European markets naturally reacted well to the bold move by the European Central Bank (ECB) to cut rates in early April. The continuing signs of a slowdown in Europe led the ECB to make a larger than expected cut in interest rates to 2.5%. In the foreign exchange markets, the euro has not had a comfortable ride, continuing to fall against the US dollar, in part in reaction to the worsening conflict in Kosovo. But it has to be pointed out that the euro has been weakening steadily since its inception, and there are signs that the ECB is already having to intervene to support the currency. Contrast this with the stability of sterling and the yen and the appreciation of commodity-related currencies like the Australian and Canadian dollars.
Marc Polydor, chief investment officer at Union Banque Privée in Geneva, suggests that although the ECB has said it will be the last interest rate cut for the foreseeable future, we cannot discount the fact that it may be forced to change its stance.
“The ECB has shown that it is still quite flexible, and despite the inflation outlook, observers are pointing out that the monetary aggregates have been moving very fast.”
A 50-basis point move shows, he says, that it is acting like the Federal Reserve, which is in keeping with the plan included in the Maastricht treaty. The driver of convergence is in place, with bond yields stable and the culture of low inflation reinforced. Inflation expectations are low and we have a relatively stable bond market. Polydor says: “The aim should be stability, but the ECB will also be working to implement policies which are pro-growth. That is what the Federal Reserve does and what the ECB seems intent to do.”
The ECB will continue to monitor the strength of the US dollar. Euroland’s short-term economic outlook is weak, but a global recovery, strong US growth and a weaker euro could spark growth.
Schroders’ bond managers remain confident of the backdrop for bonds, despite their vulnerability in the short term, especially as yields have fallen to near historical lows. Their reasoning is that the reduction in bond yields (which resulted from falling interest rates) that drove bond prices higher, has largely run its course. In addition, there are some investor concerns that the Fed may increase interest rates if the US economy continues to boom. The overall economic environment is considerably improved from 1994 (when bond markets last plunged) because of a lack of inflationary pressure.
GAM’s Jeremy Smouha agrees that the lacklustre euro is hurting the European bond market and shares concerns about possible rate hikes by the Fed. He does, though, expect to see lower bond yields in Europe by the summer and is positioning the GAM bond fund to take advantage of any rally in the European bond markets.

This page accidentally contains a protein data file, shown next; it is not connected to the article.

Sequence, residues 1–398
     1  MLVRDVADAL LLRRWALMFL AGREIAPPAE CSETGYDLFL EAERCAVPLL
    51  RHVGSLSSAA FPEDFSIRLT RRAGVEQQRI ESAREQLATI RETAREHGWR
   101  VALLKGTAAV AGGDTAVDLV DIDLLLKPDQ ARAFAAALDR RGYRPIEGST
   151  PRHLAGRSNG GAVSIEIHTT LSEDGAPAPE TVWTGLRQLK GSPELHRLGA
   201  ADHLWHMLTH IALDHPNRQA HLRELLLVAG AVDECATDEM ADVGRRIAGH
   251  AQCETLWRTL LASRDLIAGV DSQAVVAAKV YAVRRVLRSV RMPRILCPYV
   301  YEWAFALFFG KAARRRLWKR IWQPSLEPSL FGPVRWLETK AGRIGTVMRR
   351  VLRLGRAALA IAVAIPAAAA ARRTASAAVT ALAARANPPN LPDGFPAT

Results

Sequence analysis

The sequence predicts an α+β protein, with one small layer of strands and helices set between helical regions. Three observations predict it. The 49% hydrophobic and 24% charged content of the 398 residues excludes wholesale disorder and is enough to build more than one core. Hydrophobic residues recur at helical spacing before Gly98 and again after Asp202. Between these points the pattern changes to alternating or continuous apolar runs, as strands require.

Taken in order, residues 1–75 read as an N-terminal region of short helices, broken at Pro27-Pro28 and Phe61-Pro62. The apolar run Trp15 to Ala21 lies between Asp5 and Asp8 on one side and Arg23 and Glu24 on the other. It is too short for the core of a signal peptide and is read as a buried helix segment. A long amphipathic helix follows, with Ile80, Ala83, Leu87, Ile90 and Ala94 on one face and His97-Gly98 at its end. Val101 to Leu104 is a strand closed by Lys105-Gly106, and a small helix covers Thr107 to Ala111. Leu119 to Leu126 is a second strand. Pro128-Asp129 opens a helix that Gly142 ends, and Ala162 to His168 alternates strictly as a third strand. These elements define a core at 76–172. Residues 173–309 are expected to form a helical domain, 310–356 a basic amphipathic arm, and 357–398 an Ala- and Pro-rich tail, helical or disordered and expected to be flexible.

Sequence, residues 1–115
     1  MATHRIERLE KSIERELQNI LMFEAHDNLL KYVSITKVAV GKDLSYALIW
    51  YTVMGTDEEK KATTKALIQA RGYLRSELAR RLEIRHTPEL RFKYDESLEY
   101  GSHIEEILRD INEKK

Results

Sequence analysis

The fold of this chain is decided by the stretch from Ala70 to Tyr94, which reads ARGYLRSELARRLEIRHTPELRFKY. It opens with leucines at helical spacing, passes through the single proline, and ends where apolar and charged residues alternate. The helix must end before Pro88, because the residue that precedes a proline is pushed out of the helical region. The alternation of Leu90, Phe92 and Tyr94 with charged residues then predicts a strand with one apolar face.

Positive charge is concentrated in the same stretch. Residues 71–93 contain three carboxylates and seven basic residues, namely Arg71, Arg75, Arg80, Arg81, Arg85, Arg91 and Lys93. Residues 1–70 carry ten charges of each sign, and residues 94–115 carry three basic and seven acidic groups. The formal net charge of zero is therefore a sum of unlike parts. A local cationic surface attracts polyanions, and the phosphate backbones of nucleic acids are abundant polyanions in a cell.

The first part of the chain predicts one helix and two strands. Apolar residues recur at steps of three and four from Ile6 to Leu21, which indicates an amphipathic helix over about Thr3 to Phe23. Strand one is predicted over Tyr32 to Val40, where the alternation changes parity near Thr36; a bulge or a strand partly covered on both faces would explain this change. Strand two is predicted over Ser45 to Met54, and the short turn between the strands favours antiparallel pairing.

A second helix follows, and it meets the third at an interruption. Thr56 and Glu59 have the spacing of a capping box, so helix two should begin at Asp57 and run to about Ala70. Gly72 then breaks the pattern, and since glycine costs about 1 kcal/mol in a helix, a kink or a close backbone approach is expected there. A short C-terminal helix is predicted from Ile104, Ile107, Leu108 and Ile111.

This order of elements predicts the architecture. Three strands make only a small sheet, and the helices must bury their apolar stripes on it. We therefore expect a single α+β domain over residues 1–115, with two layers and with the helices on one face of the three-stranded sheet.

Euroland’s 10-year yields more or less stabilised in March, after rising sharply in February. The yield curve steepened, as yields for shorter maturities fell by 10 to 20 basis points, reflecting the brighter prospects of a rate cut since the departure of Oskar Lafontaine as German finance minister and poor business indicators, especially in Germany and Italy. In this uncertain global context, yields are expected to move sideways.
Despite the expected slowdown in macro-economic growth and lower corporate profits in 1999, there are islands of opportunity in the corporate credits market. One of the most important developments in the euro market this year is the growth in the number of corporate new issues. The volume and amount of new eurobonds in all sectors is conspicuously heavier than issuance in legacy currencies and euro at March 1998.
In addition to activity by frequent issuers such as GECC, GMAC and Ford, the euro has attracted first-time corporate issuers such as Energie, the third largest provincial Austrian electric utility and infrequent and unrated issuers such as Olivetti. The Olivetti 5% ’09 was oversubscribed at launch, when it was marketed as a turnaround story to investors. It is unrated but, according Joseph Biernat at Paribas, would be unlikely to achieve investment-grade status due to the highly subordinated claim on its key business, Omnitel.
Nevertheless, there was strong demand, not only from Italy, but also Germany, France and Benelux, a surprising move down the credit curve by investors who bought it on its name.
Paribas’ Euro bond analysis team believes that single-A corporate bonds offer the best relative value opportunity in the euro credit markets for investors willing to move down the credit curve: “Performance of corporate spreads since the beginning of the year has been excellent, with the best-performing part of the single-A generic curve, the five-year maturity tightening by 25 basis points against the government curve since the beginning of the year.”
Richard Newell is a director of Forsyth Partners in Croydon.